Gov. Cuomo appointed dozens of generous donors to a board helping advise the state on re-opening and lifting New York coronavirus restrictions, The Daily News found.
Thirty-seven Cuomo donors who’ve collectively given him nearly $1 million were put on the “New York Forward Re-Opening Advisory Board” created last month, according to a News analysis of campaign filings.
Nineteen advisory board members have donated at least $10,000 to Cuomo campaigns and all but two have given $1,000 or more.
The Cuomo donors account for 28% of all advisory board’s 134 members – and 21 have shelled out $427,550 for the governor since January 2017 alone.
Cuomo said in April the board will “help guide” the state’s phased re-opening “and ensure businesses are following the necessary guidelines to preserve public health as we work towards a new normal."
The advisory board includes leaders of unions, trade associations, businesses, education institutions, nonprofits and sports teams, as well as big names in real estate, health care, finance and commerce.
Advisory board members are unpaid but their advice will help Cuomo and the state develop coronavirus policies that could ultimately benefit their industries or the businesses and organizations where they work.
“It is deeply disturbing that Governor Cuomo is exploiting the pandemic to promote his billionaire campaign donors to lead the recovery while ignoring the needs of parents, children and educators," said Jasmine Gripper, executive director of the Alliance for Quality Education. "We need a Governor who will demand New York’s billionaires pay their share so our state can recover from COVID-19 — instead of cutting schools and furthering pay-to-play politics.”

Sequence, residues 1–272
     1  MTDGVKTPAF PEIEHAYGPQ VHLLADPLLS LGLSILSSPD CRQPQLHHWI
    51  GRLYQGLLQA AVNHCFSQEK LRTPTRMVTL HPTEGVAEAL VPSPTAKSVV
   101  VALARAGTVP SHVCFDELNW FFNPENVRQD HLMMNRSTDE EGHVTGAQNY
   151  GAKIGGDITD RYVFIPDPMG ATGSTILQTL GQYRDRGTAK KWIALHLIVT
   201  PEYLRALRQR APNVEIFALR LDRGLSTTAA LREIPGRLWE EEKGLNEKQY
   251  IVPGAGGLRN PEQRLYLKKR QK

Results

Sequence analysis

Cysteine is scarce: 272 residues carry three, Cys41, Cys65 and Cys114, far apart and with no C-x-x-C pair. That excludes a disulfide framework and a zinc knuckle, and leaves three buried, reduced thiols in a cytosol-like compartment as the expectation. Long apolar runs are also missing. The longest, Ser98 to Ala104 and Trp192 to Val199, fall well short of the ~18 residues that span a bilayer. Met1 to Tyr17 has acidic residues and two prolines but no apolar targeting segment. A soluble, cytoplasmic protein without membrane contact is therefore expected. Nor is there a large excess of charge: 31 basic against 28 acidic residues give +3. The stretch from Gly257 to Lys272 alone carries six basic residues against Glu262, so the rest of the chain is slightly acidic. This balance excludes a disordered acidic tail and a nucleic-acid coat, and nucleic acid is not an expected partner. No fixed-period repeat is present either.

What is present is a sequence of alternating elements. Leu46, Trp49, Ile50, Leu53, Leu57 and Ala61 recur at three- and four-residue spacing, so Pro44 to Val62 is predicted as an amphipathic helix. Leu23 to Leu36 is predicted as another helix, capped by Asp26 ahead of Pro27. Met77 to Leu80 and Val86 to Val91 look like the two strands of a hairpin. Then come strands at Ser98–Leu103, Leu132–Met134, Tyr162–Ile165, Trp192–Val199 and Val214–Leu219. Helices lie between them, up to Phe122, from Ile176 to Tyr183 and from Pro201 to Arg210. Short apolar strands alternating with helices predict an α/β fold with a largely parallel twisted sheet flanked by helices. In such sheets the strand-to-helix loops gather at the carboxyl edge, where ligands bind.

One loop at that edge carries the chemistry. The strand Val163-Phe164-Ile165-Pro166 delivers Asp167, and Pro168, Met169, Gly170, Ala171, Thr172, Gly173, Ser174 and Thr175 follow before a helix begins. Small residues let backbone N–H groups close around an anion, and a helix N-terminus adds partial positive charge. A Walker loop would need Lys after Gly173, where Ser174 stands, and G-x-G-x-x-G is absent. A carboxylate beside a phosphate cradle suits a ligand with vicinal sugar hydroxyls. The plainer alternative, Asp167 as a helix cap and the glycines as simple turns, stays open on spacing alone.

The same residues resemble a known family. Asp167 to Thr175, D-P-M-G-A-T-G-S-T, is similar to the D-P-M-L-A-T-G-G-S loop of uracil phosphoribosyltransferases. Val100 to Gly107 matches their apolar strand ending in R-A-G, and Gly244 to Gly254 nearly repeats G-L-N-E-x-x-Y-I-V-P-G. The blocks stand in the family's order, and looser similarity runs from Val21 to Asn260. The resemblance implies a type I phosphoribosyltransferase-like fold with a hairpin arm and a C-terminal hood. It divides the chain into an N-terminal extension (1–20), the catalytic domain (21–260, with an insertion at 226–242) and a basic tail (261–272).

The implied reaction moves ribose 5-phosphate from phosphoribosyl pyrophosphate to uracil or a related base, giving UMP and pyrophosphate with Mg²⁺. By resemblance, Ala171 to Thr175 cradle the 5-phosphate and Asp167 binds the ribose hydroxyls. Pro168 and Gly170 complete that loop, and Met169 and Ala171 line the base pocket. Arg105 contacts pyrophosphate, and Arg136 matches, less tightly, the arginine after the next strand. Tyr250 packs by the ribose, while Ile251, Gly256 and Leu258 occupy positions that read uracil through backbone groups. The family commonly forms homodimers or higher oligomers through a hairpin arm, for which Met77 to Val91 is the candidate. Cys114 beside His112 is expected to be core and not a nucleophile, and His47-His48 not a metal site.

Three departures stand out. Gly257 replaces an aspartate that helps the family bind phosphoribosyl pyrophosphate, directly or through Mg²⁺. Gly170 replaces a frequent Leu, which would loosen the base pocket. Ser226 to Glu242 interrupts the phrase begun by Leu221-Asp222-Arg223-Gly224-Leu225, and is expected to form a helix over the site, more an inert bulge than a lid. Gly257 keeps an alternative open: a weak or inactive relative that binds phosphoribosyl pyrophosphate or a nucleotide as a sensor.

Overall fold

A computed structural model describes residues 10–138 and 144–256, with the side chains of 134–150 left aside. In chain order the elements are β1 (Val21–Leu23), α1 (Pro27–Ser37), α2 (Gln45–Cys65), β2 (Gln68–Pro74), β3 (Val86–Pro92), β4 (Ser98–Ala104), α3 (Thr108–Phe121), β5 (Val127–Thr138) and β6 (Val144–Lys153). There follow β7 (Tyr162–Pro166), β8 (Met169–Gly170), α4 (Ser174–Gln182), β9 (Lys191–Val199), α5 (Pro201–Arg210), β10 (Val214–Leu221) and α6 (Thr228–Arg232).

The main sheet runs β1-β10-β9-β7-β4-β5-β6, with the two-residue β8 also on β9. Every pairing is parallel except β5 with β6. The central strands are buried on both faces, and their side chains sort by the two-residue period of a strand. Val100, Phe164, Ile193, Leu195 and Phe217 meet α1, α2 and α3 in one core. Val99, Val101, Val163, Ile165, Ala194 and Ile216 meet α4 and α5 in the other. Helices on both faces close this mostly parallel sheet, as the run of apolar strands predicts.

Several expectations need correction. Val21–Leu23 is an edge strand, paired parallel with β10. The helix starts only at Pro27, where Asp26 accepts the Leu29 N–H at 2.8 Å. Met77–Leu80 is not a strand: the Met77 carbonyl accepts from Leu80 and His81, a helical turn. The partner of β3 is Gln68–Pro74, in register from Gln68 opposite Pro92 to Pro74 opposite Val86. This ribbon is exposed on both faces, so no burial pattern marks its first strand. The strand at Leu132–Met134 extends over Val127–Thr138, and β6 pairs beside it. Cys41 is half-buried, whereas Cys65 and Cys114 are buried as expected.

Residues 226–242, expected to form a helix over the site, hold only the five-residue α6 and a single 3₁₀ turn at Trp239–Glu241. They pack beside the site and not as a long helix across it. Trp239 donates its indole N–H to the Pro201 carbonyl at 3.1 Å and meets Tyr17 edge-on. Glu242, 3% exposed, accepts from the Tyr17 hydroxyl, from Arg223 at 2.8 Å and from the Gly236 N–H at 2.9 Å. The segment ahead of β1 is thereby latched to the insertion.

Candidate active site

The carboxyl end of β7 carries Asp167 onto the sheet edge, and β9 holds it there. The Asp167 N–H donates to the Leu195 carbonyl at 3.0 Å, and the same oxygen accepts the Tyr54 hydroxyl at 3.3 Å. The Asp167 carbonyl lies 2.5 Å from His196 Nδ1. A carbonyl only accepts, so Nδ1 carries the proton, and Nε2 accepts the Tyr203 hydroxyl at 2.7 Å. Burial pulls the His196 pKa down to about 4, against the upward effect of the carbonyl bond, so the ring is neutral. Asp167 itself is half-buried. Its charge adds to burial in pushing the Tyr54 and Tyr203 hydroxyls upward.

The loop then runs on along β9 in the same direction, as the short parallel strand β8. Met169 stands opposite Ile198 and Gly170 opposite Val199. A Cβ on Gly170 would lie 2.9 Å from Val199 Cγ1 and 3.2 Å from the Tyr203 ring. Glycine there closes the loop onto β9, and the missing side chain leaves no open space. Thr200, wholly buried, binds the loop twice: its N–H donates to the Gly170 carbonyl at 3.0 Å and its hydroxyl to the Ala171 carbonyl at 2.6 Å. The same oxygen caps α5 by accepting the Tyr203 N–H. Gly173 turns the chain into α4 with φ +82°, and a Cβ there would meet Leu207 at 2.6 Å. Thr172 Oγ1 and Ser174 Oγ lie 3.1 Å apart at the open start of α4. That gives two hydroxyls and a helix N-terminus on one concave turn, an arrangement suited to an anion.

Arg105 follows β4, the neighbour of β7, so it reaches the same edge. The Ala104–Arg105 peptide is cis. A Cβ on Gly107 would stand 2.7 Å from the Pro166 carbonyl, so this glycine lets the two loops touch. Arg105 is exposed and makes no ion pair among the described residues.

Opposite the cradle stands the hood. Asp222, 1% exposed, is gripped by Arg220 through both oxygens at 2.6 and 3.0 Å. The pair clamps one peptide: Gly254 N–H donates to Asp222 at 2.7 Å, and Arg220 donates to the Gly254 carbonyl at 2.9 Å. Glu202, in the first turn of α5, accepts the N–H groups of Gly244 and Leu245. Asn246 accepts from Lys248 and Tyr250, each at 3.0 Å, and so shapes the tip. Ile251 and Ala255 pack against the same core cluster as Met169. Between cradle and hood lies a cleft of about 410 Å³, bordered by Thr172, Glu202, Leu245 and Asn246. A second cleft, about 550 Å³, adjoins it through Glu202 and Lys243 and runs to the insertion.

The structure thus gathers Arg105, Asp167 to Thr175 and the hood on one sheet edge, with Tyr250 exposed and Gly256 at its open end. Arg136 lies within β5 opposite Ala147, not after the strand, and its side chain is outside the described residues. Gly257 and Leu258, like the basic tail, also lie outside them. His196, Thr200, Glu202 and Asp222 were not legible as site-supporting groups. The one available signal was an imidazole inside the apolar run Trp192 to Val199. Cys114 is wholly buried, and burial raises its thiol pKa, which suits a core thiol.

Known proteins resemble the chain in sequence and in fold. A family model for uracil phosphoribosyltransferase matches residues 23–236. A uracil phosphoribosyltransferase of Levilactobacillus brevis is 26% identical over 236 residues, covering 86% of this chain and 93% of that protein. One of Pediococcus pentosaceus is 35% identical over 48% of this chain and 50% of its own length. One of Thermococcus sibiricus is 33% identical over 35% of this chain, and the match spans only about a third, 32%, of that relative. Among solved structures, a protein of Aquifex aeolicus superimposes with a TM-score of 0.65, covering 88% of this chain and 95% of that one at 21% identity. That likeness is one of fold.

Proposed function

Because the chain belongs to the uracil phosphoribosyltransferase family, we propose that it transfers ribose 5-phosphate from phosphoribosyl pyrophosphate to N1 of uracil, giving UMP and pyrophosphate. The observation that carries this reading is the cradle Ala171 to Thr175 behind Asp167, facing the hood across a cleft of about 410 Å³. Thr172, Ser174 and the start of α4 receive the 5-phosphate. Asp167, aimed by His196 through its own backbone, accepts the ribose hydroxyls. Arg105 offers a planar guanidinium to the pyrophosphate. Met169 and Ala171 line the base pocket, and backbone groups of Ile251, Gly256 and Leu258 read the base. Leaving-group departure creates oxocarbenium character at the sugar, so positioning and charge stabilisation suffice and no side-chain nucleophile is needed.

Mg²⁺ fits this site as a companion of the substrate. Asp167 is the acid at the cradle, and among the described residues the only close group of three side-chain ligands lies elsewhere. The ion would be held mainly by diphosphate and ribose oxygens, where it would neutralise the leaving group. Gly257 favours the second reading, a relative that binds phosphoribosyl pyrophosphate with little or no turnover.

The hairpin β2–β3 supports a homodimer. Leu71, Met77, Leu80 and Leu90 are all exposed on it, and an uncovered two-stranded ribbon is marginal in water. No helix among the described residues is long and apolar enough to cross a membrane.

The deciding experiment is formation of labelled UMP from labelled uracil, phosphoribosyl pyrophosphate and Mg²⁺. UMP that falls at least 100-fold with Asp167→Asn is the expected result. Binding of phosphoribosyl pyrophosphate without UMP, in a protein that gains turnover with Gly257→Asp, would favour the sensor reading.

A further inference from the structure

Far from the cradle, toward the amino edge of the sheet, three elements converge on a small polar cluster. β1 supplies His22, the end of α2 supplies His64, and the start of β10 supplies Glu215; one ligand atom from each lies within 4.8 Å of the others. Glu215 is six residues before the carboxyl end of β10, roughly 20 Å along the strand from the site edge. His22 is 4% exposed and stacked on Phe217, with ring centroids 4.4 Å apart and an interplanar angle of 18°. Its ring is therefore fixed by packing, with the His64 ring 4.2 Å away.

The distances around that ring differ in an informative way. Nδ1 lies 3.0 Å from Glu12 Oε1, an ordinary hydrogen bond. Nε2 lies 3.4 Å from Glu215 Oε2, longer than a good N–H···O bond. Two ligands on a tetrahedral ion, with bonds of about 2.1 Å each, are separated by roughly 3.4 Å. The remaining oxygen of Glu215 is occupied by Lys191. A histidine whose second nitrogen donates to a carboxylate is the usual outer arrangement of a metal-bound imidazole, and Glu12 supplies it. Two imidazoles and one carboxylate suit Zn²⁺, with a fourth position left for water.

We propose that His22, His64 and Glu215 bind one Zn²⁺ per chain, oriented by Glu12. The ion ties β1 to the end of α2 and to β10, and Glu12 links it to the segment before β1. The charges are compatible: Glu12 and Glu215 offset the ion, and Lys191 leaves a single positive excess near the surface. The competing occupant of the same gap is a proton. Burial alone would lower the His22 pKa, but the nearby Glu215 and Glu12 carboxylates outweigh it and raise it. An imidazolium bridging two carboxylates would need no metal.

NY Daily News
Some things never change — even during a pandemic.
Mayor de Blasio appointed at least 80 donors to advisory groups that were formed to help shape New York City’s response to the coronavirus pandemic, the Daily News found.
The coronavirus advisers have collectively given Hizzoner at least $176,282 — including $44,320 last year, according to a News analysis of campaign filings. That’s not counting thousands that their relatives gave to de Blasio or any taxpayer funding that the mayor got when certain donations were matched with public financing in city races.
The donors account for nearly a quarter of some 330 people de Blasio appointed to 10 COVID-19 advisory councils and a “fair recovery task force" this month.
While the advisers are unpaid, their guidance will help the city develop coronavirus policies that could benefit the businesses and organizations where they work.
De Blasio has faced multiple investigations into his fund-raising practices, including whether his administration was favorable to donors and others with business before the city. Prosecutors eventually decided against charging de Blasio or his aides — but they still said he intervened on behalf of donors seeking favors from City Hall.
The mayor’s office said advisers have “no decision-making power,” but de Blasio himself has stressed the importance of seeking outside input to bolster the city’s response to coronavirus and other issues.
The councils include industry leaders, head honchos and prominent figures in all aspects of city life: transportation; large business; small business; construction and real estate; education; faith; labor; nonprofit and social services; health, and arts, culture and tourism. While the 10 sector advisory councils will help shepherd the city’s efforts to reopen the economy and lift coronavirus restrictions, the “fair recovery task force” is focused on a broader postpandemic recovery.